He who mocks the Infant's Faith Shall be mock'd in Age & Death.
Blake takes a quick detour from politics and economics back to spirituality. If someone makes fun of the simple faith of a child—or, apparently, infant—they're setting themselves up for a rude awakening. Basically: they're going to grow old, and weak, and die.
Of course, that's going to happen to everyone, so how is it a punishment specifically designed for atheists?
Well, in Blake's way of seeing things, it's worse for atheists or skeptics because they presumably don't believe in an eternal soul or eternal world. "Age and Death" sting more because there's nothing beyond them—death gets the final say. But if you believe in an eternal reality, they're not that bad, because there's something beyond them.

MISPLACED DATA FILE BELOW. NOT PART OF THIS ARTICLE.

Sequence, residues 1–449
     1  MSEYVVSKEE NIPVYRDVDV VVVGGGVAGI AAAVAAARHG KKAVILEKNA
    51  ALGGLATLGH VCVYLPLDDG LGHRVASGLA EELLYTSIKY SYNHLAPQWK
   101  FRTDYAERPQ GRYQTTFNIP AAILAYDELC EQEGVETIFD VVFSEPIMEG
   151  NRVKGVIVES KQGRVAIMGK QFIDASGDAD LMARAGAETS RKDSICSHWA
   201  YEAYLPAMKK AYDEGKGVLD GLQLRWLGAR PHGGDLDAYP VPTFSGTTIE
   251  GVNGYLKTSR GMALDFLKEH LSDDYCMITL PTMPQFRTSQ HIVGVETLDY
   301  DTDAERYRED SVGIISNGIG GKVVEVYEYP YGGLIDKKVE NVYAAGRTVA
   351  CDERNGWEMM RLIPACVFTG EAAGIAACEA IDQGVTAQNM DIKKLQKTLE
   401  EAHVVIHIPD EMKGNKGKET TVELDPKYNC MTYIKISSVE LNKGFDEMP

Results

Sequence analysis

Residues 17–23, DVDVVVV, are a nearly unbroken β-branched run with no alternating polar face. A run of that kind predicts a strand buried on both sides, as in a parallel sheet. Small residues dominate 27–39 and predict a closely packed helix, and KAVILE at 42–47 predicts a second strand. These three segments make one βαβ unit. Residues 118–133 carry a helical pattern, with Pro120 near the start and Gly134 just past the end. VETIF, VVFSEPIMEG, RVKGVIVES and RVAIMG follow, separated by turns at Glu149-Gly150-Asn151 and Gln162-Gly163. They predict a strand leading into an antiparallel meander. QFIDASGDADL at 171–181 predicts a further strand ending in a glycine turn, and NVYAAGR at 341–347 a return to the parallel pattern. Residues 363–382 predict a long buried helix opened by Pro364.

We also get another imperfect rhyme here ("Faith" and "Death")—by modern standards, at least.
He who shall teach the Child to Doubt The rotting Grave shall ne'er get out.
This couplet runs on the same theme as the last one—faith vs. non-belief. In this case, Blake is still chiding atheists—but he doesn't actually believe in an eternal hell (which he says numerous times in his notebooks) and doesn't think an atheist won't really be able to get out of the grave.
What Blake is doing is joking about the unbeliever's own beliefs. Someone who doesn't believe in an eternal reality actually does believe that they won't get out of the "rotting Grave," because death is final. Blake is saying that, if you have this skeptical mindset, being trapped eternally in a rotting grave is, as far as your imagination is concerned, a real possibility. Your own belief system is your "punishment," in a way.